Get inside them to understand what they expect, what they will dislike, their constraints, what value they expect of the system. SmartQA is not testing the system technically, it is about delivering value.

Habit #7
Simplify the problem solving.
End users use systems to solve their problems. Great software solve them well.
Good testing is about ensuring systems do just enough i.e. simply.

TEN suggestions for SmartQA

T Ashok @ash_thiru  on Twitter

SmartQA is a beautiful combination of thinking styles, a mindset of brilliance and minimalism,  tech prowess, heightened clarity and  great design and meaningful pauses, outlined as ten suggestions in this article.

#1 Embrace multiple thinking styles
Inculcate the deductive ability of a mathematician, creativity of an artist, mind of an engineer, value perception of a businessman, technical savviness, empathy, doggedness and nimbleness.

#2 Have a mindset of brilliant engineering
Step into end user’s shoes, architect/design robustly, inject code to aid testability, strive to test minimally, do test related tasks lightweight.

#3 Analyse well, exploit tools for doing
Much like the skill of a doctor to diagnose with exploiting the machines in the process. “Doing SmartQA”s a brilliant combination of “human powered and machine assisted” . The WHAT to-do is human while HOW-to-do is powered by machine/tools.

#4 Do minimally
Strive to prevent issues, embed testability, review code carefully, use smart checklists, write minimally, regress intelligently.

#5 See better, cover more, test less
Continuously see and assess product from multiple views – USERS, ATTRIBUTES, ENVIRONMENT, CODE, ENTITIES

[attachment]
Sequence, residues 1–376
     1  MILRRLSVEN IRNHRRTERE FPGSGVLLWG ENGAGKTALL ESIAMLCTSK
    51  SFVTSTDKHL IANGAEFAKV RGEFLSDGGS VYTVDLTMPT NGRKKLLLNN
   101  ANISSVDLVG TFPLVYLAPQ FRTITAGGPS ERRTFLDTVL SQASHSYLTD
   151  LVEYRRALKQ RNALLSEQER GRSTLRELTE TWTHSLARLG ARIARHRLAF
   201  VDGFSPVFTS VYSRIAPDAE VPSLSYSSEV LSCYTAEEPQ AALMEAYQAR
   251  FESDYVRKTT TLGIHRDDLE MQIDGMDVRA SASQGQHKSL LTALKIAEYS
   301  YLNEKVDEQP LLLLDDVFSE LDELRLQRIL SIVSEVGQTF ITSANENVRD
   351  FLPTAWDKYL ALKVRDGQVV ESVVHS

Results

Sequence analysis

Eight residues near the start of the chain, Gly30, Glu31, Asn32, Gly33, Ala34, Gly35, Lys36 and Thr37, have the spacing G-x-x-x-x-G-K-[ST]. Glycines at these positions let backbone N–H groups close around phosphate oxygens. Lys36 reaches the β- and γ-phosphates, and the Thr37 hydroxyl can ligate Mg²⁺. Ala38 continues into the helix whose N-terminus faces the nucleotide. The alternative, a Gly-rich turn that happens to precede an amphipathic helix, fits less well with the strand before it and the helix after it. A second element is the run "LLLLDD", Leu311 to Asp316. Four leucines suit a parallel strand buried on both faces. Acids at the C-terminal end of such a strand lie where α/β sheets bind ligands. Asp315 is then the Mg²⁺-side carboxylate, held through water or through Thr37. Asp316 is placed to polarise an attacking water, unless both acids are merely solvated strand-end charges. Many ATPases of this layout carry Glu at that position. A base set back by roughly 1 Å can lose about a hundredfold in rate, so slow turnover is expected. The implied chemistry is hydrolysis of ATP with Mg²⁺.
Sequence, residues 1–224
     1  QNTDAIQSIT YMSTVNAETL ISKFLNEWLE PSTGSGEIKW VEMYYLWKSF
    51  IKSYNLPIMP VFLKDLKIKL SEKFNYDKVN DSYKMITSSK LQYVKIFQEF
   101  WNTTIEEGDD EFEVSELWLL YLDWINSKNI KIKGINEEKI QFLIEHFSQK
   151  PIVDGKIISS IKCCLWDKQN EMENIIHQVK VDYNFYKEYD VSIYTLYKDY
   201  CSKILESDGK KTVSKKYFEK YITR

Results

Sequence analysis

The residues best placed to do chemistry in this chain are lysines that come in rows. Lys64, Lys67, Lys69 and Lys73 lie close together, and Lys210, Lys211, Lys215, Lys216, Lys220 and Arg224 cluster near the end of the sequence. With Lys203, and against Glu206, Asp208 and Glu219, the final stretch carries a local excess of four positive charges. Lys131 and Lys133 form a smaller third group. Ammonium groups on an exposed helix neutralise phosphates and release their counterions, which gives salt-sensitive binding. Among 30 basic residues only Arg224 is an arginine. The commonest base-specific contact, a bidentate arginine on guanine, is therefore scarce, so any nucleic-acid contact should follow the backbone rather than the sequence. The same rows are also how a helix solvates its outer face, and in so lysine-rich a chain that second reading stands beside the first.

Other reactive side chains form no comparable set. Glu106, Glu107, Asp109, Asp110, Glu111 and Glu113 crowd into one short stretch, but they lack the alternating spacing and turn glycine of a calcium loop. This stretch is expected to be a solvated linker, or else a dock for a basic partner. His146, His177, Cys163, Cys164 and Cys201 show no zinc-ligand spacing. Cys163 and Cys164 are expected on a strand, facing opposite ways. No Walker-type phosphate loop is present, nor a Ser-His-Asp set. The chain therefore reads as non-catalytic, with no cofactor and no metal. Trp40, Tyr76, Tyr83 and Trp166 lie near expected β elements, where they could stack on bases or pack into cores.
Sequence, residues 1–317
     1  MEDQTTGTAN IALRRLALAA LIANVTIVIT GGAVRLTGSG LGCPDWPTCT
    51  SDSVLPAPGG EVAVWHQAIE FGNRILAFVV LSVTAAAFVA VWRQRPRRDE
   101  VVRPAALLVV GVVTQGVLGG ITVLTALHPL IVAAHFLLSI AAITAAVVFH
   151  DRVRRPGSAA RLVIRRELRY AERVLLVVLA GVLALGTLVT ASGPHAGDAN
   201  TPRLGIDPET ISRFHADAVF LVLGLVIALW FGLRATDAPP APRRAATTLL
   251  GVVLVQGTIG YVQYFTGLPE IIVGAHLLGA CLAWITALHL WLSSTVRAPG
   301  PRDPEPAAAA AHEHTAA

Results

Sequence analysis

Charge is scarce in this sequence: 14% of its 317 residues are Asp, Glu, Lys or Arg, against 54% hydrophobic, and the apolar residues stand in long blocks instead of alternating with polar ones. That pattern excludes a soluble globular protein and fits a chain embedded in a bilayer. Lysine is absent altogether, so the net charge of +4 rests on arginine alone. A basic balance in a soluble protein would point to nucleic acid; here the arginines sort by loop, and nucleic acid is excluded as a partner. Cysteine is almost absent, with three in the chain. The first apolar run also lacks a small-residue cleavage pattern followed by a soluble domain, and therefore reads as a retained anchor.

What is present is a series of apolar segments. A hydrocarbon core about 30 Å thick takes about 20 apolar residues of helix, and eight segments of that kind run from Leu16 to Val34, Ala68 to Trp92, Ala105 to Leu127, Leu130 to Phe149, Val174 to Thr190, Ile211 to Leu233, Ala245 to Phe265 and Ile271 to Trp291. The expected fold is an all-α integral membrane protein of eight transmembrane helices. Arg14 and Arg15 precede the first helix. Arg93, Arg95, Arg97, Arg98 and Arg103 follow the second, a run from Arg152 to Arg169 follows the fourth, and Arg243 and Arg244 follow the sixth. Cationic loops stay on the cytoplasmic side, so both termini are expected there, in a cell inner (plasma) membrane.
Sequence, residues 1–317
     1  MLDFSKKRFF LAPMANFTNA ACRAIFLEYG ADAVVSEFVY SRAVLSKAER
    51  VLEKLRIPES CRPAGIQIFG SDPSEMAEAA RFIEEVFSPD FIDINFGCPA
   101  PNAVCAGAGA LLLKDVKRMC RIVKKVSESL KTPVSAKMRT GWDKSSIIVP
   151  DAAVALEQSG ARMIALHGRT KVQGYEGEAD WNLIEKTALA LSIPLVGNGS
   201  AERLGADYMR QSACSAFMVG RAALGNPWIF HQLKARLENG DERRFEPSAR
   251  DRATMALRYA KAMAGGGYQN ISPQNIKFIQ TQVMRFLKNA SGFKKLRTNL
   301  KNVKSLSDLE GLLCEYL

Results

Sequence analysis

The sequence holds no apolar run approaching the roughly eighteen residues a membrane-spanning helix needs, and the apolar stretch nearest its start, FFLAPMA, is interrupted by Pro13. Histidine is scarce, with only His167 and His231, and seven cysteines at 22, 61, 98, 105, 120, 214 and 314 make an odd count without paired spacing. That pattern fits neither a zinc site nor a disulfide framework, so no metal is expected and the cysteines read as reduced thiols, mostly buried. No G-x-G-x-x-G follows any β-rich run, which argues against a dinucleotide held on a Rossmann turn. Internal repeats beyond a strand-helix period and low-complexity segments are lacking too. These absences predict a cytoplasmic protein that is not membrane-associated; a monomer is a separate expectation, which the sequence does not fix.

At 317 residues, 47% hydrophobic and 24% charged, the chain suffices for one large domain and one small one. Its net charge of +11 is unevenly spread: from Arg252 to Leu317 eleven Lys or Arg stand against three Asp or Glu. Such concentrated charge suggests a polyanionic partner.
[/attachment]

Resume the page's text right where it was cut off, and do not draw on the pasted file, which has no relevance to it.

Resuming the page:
#6 Pause to speed up
Periodically pause and analyse to be sure that you are staying on the right track, reflect on outcomes to ensure you are doing it right and efficiently.

#7 View system from multiple angles
View the system from internal, external, regulatory/compliance, operations, maintenance and release like code structure, architecture, technology, terms of behaviour, end users, environment, usage, standards.

#8 Be sensitive and aware
Be sensitive and aware to issues you encounter and potential causes of issues, after all issues creep in due to untold expectation, accidental omission, quiet assumptions, incorrect implementation,inappropriate modifications,interesting side effects ,deliberate abuse , and innovative usage.
Sharpen your senses  to smell better!

#9  Design for robustness 
Don’t just test, design system robustly. Codein firewallsto be disaffected by inputs, configuration/settings, resources or dependent code.

#10 Design for testability
Hook in code to be able to inject inputs to stimulate, check status, create traces/logs  to debug/check-for-correctness, even embed ‘self-test code’.

You may want to read a detailed version of these in these two articles FIVE thoughts on ‘Doing SmartQA’and FIVE *MORE* thoughts on ‘Doing SmartQA’.

8 things I do to solve problems creatively

T Ashok @ash_thiru on Twitter